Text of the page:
Spanbaurer and Hempel opened up a whole new world of reading and writing to me, an epiphany of sorts. I do want to add Life of Pi for August reading anyway.


Read on, Friends!

Progress Continues

I've been out of town, so I am a couple of weeks out of the loop. However, I am still making progress. Here's from my original listing:

Leading from Your Strengths by John Trent, Rodney Cox, & Eric Tooker completed but not reviewed--I'm still struggling with how to review this book on leadership that didn't lead.
Confessions of a Pastor by Craig Groeschel completed & reviewed
The Kingdom Focused Church by Gene Mims currently reading (about halfway done)
True Grit by Charles Portis completed & reviewed
Skin by Ted Dekker currently reading (about 1/3 finished)
The Great Giveaway by David Fitch this one was recommended by a friend. I haven't found it in the bookstores yet.
Bridge to Terabithia by Katherine Paterson completed, reviewed, and watched the movie--a pleasant surprise (see the movie review here)

I've also had the opportunity to read and review a bonus book. So I'm happy with the progress so far.

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I can't believe we are at the end of the Summer Reading Challenge. This week I finished The Devil Wears Prada and The Autobiography of Alice B. Toklas, so I guess I have completed my challenge, though I will still be reading. The Summer Challenge adds to the fun!
Does this mean summer is over, though? No more Mai Tais on the deck, put away the tube tops, quit sleeping in, clean out the fireplace.... Sigh.

Ted's Challenge

Well, the Summer Reading Challenge is drawing to a close. I set myself a list of 10 books:

Bleak House
The Symbolic Species
Memory, Brain, and Belief
Beyond Black
All the Names
The Unconsoled
Better
The Yiddish Policemen's Union
The Author of Himself
Elia Kazan

5 fiction, 3 non-fiction, 1 biography and 1 autobiography. But along the way I just couldn't keep my promise about The Symbolic Species or The Unconsoled which were replaced. Finally, I only had Memory, Brain and Belief remaining, but I have so much non-fiction reading I need to do for work that I just couldn't warm to it. So here's the way it turned out:

All The Names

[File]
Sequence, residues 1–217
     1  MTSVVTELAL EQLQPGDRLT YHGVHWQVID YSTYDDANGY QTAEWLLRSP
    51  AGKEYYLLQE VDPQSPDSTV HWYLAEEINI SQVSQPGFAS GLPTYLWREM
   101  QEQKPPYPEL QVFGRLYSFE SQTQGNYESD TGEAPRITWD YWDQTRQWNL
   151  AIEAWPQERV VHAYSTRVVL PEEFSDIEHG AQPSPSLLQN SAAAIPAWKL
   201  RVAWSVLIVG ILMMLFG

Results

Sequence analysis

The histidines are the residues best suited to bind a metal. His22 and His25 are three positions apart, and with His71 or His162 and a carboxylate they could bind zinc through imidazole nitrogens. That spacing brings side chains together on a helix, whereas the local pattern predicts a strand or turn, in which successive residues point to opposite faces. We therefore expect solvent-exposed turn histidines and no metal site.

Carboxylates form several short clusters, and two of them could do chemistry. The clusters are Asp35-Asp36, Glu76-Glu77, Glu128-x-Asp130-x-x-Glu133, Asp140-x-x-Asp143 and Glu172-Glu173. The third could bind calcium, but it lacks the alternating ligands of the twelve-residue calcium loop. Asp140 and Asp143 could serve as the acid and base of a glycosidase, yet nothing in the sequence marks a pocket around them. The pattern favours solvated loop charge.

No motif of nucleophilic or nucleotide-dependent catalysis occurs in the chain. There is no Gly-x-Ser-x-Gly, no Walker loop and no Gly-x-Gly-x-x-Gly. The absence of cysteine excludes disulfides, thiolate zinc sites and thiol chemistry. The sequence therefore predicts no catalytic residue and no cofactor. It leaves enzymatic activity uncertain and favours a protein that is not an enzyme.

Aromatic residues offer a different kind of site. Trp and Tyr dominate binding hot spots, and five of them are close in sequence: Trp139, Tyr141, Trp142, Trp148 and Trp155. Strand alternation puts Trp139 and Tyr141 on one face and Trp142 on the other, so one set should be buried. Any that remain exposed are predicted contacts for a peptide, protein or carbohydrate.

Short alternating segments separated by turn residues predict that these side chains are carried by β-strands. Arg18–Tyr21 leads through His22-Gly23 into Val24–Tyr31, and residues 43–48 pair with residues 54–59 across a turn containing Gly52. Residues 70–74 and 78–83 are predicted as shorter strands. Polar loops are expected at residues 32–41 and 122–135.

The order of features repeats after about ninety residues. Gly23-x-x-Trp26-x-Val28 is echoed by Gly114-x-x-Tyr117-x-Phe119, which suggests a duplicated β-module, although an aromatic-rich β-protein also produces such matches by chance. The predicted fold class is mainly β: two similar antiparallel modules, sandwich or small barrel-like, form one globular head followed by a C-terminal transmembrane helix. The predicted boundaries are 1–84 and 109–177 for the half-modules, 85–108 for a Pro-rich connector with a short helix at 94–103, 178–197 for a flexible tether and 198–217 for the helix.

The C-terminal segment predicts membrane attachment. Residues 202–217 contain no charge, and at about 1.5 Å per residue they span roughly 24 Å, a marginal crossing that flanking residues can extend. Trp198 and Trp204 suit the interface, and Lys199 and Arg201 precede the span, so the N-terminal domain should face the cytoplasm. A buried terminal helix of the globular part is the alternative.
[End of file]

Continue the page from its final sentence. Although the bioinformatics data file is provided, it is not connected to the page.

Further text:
Better

Beyond Black

Bleak House

Elia Kazan

Memory, Brain, and Belief

The Author of Himself

Harry Potter and the Deathly Hallows

Seven Lies

The Yiddish Policemen's Union


I could have replaced Memory, Brain and Belief with Veronica and The Ice Palace, which I read during the challenge time, but I'd done enough replacing. It was a productive summer nonetheless - 9 books, over 4,000 pages, and 19 posts.

And now - off to the Summer Poetry Challenge over at my place - if you like poetry, or just want to expose yourself to some because you're not too sure, pay us a visit.

Thanks for hosting, Amanda! And it was a pleasure to read in all your company.

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Sunday, July 29, 2007

Different Seasons by Stephen King--Challenge completed


Title: Different Seasons
Author: Stephen King
ISBN: 0670272663
Publishers: The Viking Press/1982
Pages: 527
Format: Hardbound


I was never a fan of Stephen King. I read two of his books (I do not remember which) long time back and did not get back to him. I picked this book from one of the roadside book sellers as it was dirt cheap and looked good. I am so very glad that I bought it.

A general view is that novelist Stephen King is a horror writer. However, with ‘Different Seasons’ he shows that he can craft stories dealing with hope, love and redemption. This compilation has four "seasons": Hope Springs Eternal, Summer of Corruption, Fall from Innocence, and A Winter's Yarn, all of which vividly portray the human spirit. Sometimes collections like this can be hard to judge as one story may appeal to one audience and other appeals to a different one. Different Seasons should appeal to just about everyone.

For more, click here...

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Challenge complete

My original list was:

1) Bill Bryson---Notes from a Small Island

2) Brenda Joyce---Deadly Kisses
3) Salman Rushdie---Fury
4) Antonia Fraser---Marie Antoinette
5) Truman Capote---In Cold Blood

I finished

1) Deadly Kisses by Brenda Joyce

2) The Bafut Beagles by Gerald Durrell

3) Defy The Eagle by Lynn Bartlett

4) Notes from a Small Island by Bill Bryson

5) Fury By Salman Rushdie

6) Thousand Years Of Good Prayers By Yiyun Li

7) Innocent Erendera By Gabriel Garcia Marquez

8) Mary Antoinette-the Journey by Antonia Fraser

9) Different Seasons by Stephen King

I could not read Capote otherwise I am satisfied with my list.

Do click on the above titles to read the book reviews. Do check out My Own Little Reading Room for more reviews.


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Saturday, July 28, 2007

Re-reading Harry Potter 1-6

That's what I've been doing through July. I'm 200 pages into Half-Blood Prince, ready to start the new one next week!

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Wendy's Book Review: Birds Without Wings


Original review on my blog.

"Man is a bird without wings," Iskander told them, "and a bird is a man without sorrows." -From Birds Without Wings, page 44-

"Well, the mystery is a shallow one, and not very difficult to fathom, Polyxeni Hanim. I clip their wings because most people don't want to buy a bird that might escape so that they have to sprout their own feathers in a flash and take off in hot pursuit. Most people couldn't be bothered, you see. People make odd birds; they don't fly much." -From Birds Without Wings, page 50-